Channard Everybody Hates Katamari (98 comments)

No matter how odd producing DLC so soon after the game's release may seem, it can't beat the Beautiful Katamari DLC for sheer audacity. Which actually unlocked levels that were already there in the game.

more than 5 years ago

1.4 Billion Pixel Camera To Watch For Asteroids

Channard And I'll just bet.. (138 comments)

... the manufacturers only included a 16mb SD card.

more than 5 years ago

Arranging Electronic Access For Your Survivors?

Channard Am I just being cynical... (335 comments)

.. or would anyone else doubt the supposed claim of a person's death. I know there's been several cases where someone online has supposedly posted their death, just to create drama and attention, only for it to be later revealed they're alive and well? Certainly on networking sites, at least.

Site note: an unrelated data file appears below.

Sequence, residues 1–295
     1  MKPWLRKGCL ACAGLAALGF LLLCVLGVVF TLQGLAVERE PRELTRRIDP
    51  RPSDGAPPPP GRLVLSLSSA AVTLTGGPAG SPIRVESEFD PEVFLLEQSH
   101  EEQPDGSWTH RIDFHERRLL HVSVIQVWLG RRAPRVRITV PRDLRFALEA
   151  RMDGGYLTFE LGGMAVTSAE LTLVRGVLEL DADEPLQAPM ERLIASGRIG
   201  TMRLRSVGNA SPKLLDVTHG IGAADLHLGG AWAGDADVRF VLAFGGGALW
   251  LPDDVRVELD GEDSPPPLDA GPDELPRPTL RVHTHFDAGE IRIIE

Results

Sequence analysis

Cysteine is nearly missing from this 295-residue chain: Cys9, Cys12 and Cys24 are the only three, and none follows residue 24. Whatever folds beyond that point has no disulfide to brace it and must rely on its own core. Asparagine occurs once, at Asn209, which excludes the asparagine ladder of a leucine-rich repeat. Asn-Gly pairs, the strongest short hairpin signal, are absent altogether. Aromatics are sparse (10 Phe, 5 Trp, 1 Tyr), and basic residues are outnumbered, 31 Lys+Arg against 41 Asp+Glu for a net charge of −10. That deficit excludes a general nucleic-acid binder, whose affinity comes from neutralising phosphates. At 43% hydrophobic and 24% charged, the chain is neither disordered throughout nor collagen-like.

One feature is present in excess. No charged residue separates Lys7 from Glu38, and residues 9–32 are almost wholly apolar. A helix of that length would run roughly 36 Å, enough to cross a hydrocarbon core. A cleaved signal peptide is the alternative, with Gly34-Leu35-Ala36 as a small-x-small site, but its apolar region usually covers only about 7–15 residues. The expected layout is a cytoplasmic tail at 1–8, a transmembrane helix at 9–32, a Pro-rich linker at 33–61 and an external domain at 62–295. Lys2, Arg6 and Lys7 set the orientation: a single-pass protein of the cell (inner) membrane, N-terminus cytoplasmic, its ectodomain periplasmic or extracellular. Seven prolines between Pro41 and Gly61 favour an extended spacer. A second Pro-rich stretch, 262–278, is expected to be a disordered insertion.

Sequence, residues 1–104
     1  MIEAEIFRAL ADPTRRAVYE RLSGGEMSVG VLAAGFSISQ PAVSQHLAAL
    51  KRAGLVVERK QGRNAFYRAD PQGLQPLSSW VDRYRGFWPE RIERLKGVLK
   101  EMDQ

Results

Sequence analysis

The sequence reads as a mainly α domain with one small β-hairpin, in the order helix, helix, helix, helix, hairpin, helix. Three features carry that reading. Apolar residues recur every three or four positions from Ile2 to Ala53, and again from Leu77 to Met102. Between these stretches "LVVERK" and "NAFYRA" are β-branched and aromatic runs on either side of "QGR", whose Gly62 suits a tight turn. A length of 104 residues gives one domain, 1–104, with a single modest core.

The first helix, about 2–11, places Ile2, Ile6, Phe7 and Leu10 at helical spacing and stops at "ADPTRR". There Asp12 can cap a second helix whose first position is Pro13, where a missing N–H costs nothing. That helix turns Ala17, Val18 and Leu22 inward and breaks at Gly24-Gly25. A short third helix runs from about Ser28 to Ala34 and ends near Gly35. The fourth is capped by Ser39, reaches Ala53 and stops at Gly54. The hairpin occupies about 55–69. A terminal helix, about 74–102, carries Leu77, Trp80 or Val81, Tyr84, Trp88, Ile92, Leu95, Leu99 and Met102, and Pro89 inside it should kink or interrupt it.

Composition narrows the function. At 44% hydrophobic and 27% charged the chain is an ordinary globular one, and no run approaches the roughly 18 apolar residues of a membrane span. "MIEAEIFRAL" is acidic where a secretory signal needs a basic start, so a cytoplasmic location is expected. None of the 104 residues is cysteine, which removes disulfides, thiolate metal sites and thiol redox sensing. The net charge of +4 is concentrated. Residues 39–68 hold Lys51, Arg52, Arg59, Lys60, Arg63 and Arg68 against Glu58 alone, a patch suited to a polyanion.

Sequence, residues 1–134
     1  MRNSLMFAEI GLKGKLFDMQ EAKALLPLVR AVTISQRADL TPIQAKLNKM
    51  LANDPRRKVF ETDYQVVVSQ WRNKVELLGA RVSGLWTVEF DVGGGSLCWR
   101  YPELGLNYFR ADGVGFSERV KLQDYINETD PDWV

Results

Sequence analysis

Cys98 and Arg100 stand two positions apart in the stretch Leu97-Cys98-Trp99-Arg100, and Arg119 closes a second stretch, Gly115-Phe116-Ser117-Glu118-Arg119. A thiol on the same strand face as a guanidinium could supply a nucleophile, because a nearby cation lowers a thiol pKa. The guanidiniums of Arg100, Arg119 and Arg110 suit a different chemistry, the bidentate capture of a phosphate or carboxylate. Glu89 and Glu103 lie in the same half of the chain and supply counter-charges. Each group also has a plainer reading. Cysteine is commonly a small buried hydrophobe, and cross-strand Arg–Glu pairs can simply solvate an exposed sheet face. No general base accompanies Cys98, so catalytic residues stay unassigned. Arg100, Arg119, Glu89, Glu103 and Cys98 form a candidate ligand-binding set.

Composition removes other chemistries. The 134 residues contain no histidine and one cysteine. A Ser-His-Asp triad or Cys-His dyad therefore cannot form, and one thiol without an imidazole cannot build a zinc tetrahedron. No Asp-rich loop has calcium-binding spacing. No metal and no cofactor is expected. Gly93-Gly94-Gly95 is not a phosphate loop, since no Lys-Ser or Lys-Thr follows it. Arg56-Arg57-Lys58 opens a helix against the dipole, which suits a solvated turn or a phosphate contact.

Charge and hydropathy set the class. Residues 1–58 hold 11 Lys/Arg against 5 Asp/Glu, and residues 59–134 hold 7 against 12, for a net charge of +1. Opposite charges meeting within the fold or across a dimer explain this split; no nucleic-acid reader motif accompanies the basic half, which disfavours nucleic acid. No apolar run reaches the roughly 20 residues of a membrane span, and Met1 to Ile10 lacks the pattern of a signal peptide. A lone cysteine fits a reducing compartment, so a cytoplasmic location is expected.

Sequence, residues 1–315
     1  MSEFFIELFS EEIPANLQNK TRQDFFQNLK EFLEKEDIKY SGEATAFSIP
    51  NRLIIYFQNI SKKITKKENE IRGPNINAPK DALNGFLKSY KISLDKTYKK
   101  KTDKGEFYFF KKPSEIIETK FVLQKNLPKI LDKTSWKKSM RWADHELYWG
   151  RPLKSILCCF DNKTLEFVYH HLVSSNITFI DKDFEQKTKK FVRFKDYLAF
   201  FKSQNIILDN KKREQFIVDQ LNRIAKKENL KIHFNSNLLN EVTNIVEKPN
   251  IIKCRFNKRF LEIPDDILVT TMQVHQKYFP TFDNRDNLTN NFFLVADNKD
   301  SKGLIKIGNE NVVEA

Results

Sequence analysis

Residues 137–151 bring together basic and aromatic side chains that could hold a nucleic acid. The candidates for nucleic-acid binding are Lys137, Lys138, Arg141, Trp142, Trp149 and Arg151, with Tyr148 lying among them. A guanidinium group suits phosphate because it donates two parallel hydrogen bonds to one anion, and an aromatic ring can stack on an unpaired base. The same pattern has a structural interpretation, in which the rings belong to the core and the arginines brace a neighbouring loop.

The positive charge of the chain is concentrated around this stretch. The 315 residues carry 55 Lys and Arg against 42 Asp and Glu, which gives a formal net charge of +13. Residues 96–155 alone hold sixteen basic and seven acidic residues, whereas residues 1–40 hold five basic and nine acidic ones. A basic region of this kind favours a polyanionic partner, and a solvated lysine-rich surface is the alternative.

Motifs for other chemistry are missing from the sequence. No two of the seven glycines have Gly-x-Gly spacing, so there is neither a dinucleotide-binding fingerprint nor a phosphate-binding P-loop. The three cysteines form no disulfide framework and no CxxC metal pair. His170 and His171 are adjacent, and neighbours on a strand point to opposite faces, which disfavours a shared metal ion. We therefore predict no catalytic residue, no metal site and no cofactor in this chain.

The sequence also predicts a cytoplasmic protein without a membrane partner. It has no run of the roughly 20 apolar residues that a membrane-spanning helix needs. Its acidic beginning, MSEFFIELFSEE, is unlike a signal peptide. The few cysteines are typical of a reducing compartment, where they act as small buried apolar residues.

more than 5 years ago

Arranging Electronic Access For Your Survivors?

Channard More to the point, would you want them to? (335 comments)

'To who it may concern. Please use the below username and password to inform the other posters at of my sad demise.'

more than 5 years ago

Benchmarks For Ubuntu vs. OpenSolaris vs. FreeBSD

Channard Ubuntu may be fast... (131 comments)

.. but what it's missing is the ability to easily uninstall it. It's not the only distro not to be easily uninstallable, but it seems daft that you have to start messing about restoring the boot record via Windows boot disk if you want to take it off.

more than 5 years ago

Drinking Coffee From a Cup In Space

Channard 'This coffee tastes like piss..' (176 comments)

'But it *is* piss, Buzz.' 'Oh good, so it's not just me.' Apologies to Austin Powers.

more than 5 years ago

Verizon Employees Fired For Snooping Obama's Record

Channard That'd show him! Or not. (344 comments)